A poll of 1,000 women who have been through the experience found 59 per cent often felt baffled by what they could and couldn’t do or eat while they were expecting.
Almost three in 10 felt unclear on what medication and painkillers were safe to take during pregnancy while one in 10 were unsure if they were allowed to sleep on their back.
But food and drink is also causing confusion with knowing which cheeses are safe to eat, how much alcohol you can consume and whether it’s okay to eat peanuts also featuring on the list. Other puzzling aspects of pregnancy include what vitamins you need to consume more of, how much weight you should gain and whether or not it is safe to go in a hot tub.
A spokesperson for Pregnacare vitamins, which commissioned the research, said:
The study also found that as a result of the confusion, just six in 10 felt they were adequately prepared for pregnancy. More than one in four women would like to see a more definitive guide on exercising while pregnant while 37 per cent would like more guidance around nutrition.
Others would like clearer advice on supplements (31 per cent), cravings (16 per cent) and cleaning products (19 per cent).
However, much of the confusion comes from conflicting pieces of advice, with 73 per cent believing books and magazines have different information surrounding pregnancy and what you can and can’t do in books and on the internet.
Even those who have been pregnant more than once don’t feel they were any better prepared with 58 per cent saying the advice changed between their pregnancies. And 47 per cent were worried about taking out-of-date advice.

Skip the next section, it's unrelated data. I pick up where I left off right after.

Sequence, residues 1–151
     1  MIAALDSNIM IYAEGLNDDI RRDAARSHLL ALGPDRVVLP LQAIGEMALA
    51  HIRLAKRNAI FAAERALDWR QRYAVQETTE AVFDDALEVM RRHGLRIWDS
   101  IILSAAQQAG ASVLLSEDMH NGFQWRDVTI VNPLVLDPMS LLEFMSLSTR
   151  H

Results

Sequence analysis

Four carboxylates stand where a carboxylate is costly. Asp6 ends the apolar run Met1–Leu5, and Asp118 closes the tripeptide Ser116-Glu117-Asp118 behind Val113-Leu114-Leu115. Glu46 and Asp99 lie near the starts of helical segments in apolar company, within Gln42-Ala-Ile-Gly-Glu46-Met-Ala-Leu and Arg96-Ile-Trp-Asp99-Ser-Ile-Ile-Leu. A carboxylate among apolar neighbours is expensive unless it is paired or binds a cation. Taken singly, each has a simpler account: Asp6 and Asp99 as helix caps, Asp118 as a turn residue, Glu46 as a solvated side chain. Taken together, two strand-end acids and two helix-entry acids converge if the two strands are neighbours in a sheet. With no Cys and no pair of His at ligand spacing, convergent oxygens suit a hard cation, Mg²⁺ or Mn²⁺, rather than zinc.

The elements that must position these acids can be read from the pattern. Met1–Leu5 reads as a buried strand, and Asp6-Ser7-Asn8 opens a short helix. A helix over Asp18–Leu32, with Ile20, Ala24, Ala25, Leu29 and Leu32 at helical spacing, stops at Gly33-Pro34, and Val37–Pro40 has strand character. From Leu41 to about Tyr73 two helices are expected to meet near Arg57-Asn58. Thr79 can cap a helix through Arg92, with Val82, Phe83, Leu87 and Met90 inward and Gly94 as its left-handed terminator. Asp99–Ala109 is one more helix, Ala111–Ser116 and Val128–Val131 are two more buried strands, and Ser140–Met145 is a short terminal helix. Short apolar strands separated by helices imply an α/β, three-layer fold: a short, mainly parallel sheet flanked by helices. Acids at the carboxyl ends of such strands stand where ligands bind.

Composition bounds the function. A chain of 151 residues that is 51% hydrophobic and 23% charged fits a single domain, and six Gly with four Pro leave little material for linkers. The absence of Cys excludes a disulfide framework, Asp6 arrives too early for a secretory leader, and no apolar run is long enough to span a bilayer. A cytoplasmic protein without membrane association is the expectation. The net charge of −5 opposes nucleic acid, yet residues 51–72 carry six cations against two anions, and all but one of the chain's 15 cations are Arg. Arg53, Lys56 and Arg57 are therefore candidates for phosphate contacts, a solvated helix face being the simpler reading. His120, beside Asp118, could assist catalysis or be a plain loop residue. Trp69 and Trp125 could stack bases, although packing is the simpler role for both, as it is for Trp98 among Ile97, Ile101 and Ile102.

More than one in five have even had an argument with someone due to conflicting advice they received.
When faced with different information, 26 per cent of women polled, via OnePoll, used the internet to search for a more definitive answer, while 12 per cent turned to blogs or forums.
A third simply ‘trusted their gut’ while 22 per cent turned to their mum for help. It also emerged that almost one in 10 mums weren’t confident they knew exactly what they should and shouldn’t be eating during their pregnancy.
And just two thirds felt they knew what vitamins and supplements they should be taking.
Around two in three women took supplements during their pregnancy, with 43 per cent saying this included vitamin D But four in 10 admitted they aren’t aware that vitamin D is an important vitamin during pregnancy.
A spokesperson for Wellbeing of Women, the leading charity for mums and babies said:
Test your pregnancy knowledge by taking the quiz here – pregnancy-confusion